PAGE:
I first came into contact with Truffaut when watching his 1976 film Small Change, but Jules and Jim is probably one of the director’s most famous pictures. Truffaut’s use of numerous cinematic techniques is astonishing, giving Jules and Jim a revolutionary feel. Using frequent Godard collaborator Raoul Coutard turns out to be the right move, too, as his use of lightweight cameras helps guide this tale of a three-way romance through its paces.
Pontecorvo’s Kapò is a haunting picture about the Holocaust. It can be heavy viewing, sure, but it’s also essential in its steady resolve. Pontecorvo was an unapologetically political director and his daring take on the Holocaust is unforgettable because the Italian director refuses to turn away when so many others would have. To say that this movie is “unblinking” would be an understatement, but it’s Susan Strasberg as Edith who really draws the eye.
Forman’s Loves of a Blonde is billed as one of the “defining films of Czech New Wave.” Forman probably had more fame and success as a filmmaker in America, but his work here still earned him an Academy Award nomination. The movie is broken into three segments and follows Andula (Hanu Brejchovou) through the entire process of romance. Forman’s Loves of a Blonde could be considered a quaint film, light as it is, but it’s really almost a straightforward comedy of romantic error. Always tinged with cynicism, Loves of a Blonde is a delight.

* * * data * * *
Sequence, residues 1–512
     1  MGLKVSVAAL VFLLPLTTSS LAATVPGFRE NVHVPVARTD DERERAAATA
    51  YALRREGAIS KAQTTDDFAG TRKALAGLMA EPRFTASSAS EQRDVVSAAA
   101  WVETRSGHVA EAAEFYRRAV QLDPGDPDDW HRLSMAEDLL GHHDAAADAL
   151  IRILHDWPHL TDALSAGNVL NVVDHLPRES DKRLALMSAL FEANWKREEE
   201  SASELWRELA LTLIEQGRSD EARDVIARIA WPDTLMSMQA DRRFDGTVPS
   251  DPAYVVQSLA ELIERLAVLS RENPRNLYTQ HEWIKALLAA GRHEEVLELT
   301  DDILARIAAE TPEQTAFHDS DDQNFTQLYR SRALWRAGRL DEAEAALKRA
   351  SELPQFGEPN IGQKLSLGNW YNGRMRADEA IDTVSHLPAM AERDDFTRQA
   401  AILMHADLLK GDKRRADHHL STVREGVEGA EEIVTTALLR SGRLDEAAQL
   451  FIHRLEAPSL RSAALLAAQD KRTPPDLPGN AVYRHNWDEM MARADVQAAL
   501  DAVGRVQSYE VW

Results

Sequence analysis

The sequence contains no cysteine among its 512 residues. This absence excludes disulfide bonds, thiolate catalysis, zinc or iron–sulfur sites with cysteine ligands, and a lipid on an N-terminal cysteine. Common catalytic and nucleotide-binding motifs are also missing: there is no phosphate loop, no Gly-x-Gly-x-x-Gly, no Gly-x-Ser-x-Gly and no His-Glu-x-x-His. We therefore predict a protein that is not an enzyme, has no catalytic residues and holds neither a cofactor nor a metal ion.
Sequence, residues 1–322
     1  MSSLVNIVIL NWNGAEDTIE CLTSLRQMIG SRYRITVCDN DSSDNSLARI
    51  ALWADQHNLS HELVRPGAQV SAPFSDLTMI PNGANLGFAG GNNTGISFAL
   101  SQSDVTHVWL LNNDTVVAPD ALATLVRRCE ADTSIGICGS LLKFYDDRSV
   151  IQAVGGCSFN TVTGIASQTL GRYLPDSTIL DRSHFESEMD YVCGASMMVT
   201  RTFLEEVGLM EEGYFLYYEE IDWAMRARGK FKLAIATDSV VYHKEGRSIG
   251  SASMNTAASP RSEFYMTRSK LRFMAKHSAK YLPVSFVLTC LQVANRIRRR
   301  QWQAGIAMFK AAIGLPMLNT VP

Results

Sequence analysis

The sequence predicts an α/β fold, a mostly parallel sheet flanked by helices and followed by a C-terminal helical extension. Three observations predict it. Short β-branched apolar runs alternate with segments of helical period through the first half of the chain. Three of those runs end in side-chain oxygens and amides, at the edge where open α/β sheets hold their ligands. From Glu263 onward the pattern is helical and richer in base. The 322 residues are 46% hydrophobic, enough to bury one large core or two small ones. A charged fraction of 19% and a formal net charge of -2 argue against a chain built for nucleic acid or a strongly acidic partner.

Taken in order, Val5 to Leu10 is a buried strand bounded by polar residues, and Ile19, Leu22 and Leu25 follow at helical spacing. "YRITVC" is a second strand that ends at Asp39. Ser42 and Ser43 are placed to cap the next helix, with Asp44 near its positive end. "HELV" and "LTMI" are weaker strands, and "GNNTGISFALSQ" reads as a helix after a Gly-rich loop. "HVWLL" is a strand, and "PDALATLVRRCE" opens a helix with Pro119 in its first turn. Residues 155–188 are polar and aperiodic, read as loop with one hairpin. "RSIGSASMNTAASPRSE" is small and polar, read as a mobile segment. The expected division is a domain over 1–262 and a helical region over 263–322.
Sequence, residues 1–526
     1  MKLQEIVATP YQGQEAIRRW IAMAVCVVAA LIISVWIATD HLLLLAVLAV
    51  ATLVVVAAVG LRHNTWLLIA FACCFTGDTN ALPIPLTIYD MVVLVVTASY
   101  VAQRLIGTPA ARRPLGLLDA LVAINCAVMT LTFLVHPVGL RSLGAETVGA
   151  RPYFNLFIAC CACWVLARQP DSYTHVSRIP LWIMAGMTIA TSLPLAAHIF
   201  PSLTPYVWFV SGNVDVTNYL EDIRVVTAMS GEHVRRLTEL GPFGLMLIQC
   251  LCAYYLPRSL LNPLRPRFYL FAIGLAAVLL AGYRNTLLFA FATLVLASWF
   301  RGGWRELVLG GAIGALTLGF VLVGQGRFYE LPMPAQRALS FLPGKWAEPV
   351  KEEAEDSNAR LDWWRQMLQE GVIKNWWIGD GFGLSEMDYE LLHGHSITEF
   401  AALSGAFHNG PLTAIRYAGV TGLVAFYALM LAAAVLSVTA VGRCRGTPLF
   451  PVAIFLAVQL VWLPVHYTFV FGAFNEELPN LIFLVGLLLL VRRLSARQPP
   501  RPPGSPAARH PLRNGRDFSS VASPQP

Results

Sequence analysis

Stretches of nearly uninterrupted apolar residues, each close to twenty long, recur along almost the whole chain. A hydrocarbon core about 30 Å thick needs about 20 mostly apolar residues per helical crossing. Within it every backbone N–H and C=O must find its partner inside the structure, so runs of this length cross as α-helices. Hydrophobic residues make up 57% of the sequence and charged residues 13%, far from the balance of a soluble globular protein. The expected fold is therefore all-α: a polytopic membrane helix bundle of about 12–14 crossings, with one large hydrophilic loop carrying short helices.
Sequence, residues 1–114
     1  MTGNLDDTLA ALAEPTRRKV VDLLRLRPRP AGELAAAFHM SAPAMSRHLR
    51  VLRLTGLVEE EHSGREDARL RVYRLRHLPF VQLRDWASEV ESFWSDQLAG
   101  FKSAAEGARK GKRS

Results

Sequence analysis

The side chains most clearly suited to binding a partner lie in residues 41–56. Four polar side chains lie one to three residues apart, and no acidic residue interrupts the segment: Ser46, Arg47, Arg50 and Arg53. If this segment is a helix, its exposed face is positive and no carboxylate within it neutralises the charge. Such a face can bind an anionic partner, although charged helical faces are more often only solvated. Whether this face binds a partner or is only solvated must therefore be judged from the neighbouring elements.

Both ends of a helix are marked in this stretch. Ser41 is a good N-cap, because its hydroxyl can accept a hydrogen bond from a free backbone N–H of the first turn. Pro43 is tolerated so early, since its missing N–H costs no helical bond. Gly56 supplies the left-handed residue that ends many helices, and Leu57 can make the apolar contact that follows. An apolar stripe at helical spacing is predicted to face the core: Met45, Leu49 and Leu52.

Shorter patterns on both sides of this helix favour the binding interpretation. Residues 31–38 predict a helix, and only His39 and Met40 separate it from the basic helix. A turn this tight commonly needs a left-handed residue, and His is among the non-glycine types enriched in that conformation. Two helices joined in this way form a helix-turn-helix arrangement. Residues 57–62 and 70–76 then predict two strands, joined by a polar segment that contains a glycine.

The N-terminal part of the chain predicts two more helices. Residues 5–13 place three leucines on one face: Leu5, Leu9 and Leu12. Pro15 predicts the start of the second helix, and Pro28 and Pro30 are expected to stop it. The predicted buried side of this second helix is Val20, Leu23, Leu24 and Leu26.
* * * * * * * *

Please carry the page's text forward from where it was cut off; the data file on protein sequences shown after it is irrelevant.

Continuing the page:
As you can see, Essential Art House Vol. 5 packs a wallop. For those looking for an introduction to art house cinema, this is a great place to start. I maintain that this is one of the most diverse, interesting box sets in the series thus far and believe this set belongs in the library of any serious film lover.